Shaq says Lakers additions create his 'Dream Team'
"It's an unfortunate situation. Kobe's a teammate of mine and a friend of mine," said O'Neal, who previously had been quiet during an extremely eventful summer for the Lakers.
"I'm very confident in the judicial system, so hopefully this will be resolved quickly. And hopefully it will be pain-free on both sides."
He added, "I've been instructed not to say anything about it."
Bryant is accused of sexual assault at a Colorado resort hotel on June 30.
Bryant, who turned 25 on Saturday, is free on $25,000 bond. He is scheduled to return to Eagle, Colo., for an Oct. 9 preliminary hearing to determine whether there is enough evidence for a trial.
The Lakers' guard has claimed his 19-year-old accuser had consensual sex with him.
"I'm very happy, because for the first time in my career, I finally have the dream team I've always wanted, the dream team that I've always been after. A hard-nosed point guard, a legendary power forward. That's all I ever wanted," he said.
"As long as we keep the ball moving, we're going to be a legendary hard-to-stop team. We have four future hall of famers."
After the team's string of three consecutive NBA titles ended with a Western Conference semifinals loss to eventual champion San Antonio last May, O'Neal said that he and Bryant needed a stronger supporting cast.
So the Lakers lured two of the best players in the game. Malone and Payton took big pay cuts to join the suddenly stacked Lakers. Neither of the two have an NBA championship ring.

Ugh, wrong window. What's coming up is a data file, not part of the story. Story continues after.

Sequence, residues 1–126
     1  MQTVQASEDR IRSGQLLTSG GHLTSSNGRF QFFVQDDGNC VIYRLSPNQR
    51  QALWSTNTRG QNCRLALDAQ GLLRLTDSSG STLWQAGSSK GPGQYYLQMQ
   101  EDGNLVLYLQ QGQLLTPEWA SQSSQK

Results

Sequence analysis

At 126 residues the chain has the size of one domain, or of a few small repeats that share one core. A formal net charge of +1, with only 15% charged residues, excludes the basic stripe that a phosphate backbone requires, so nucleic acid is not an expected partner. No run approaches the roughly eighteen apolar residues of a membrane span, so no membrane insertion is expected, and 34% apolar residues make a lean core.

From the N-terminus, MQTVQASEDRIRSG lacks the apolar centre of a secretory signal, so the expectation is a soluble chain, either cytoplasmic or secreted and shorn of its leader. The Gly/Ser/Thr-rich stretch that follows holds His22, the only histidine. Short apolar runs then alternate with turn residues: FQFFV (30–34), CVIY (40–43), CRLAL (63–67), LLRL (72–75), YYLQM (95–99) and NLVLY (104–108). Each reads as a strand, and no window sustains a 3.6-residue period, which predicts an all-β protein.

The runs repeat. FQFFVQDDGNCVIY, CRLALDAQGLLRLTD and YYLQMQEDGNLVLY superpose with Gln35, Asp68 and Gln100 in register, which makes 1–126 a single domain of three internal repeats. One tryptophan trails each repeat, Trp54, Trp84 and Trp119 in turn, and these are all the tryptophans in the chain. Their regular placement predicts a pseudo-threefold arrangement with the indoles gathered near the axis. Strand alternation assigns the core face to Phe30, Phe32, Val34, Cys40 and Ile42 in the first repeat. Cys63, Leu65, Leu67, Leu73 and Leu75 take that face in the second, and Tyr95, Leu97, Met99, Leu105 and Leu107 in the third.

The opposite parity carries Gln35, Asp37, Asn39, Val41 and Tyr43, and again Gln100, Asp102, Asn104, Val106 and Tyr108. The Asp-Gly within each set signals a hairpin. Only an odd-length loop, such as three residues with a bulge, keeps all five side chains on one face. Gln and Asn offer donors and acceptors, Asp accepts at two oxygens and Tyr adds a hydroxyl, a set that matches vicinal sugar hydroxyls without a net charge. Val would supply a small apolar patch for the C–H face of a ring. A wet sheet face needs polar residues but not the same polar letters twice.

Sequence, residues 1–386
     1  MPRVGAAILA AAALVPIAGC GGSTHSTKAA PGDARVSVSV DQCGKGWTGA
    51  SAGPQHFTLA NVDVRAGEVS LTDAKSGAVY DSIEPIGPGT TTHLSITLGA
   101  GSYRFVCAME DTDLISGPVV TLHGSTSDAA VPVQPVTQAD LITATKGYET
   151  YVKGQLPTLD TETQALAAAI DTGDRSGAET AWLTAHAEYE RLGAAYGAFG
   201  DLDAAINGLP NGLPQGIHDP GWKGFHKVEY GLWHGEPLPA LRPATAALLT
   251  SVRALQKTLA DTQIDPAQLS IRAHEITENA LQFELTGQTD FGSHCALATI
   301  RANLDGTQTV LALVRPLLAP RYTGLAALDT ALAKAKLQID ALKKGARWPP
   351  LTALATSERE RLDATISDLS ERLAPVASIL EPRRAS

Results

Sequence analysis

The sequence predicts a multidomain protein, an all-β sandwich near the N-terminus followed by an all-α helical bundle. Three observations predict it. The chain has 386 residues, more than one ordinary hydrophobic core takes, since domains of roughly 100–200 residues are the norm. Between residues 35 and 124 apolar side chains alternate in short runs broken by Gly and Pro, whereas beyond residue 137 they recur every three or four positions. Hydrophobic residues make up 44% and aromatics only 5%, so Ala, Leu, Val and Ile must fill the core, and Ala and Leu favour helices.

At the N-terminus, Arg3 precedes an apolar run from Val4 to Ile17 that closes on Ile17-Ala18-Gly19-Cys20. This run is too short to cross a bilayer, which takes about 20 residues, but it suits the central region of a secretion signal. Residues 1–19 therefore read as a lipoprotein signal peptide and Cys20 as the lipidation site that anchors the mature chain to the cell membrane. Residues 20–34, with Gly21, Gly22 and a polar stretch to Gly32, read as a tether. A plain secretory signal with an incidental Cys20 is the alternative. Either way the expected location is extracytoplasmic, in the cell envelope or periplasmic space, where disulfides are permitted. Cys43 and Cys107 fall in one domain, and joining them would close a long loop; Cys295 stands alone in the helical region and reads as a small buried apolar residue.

"I think this will be the first time in my career when I don't have to score 30 points every night," O'Neal said. "After all the years of, `Shaq, you've got to score 30 points for us to even be in the game,' now we've got a lot of legends on our team.
"Karl Malone said it best: 'Pick your poison on any given night."'
O'Neal, looking relaxed and joking with the kids, said he feels more ready to go back to work this season than in the past.
"This is actually the first summer in a long time when I've had time to rest and recuperate. The other years, it would get down to the nitty-gritty (in the playoffs) and I would have to take a month off just to get my body right," he said.
"By then it's already August, and you have to come back in September and I've never really had time to get back in shape. Then there was the surgery."
He had toe surgery last Sept. 11 and wasn't as dominant when he finally began playing again 13 games into the season.
O'Neal said his feet, which have bothered him for several years, are "OK."
"I'm not pain-free, but I still can do what I do. And now I won't have to do it all. Anyway, everyone knows that after a loss, the beast is coming back," he said with a grin.
O'Neal, very active with kids in his reading and sports programs, seemed completely at home with the youngsters, ranging in age from 12 to 18 and coming from all over the country, at the "Nestle Crunch Hot Shots" camp at an upscale athletic club in West Los Angeles.
"I'm not a role model, I'm a real model," he said. "I don't do stuff for the cameras. A lot of the stuff I do, the media doesn't know about. These kids have people they want to be like, and they sit in their little hometowns and dream about things.
"If I can make somebody's dream come true, I'm all for it. I want to be one of the athletes that can help shape the direction of some of these young people."
Copyright 2003 by The Associated Press
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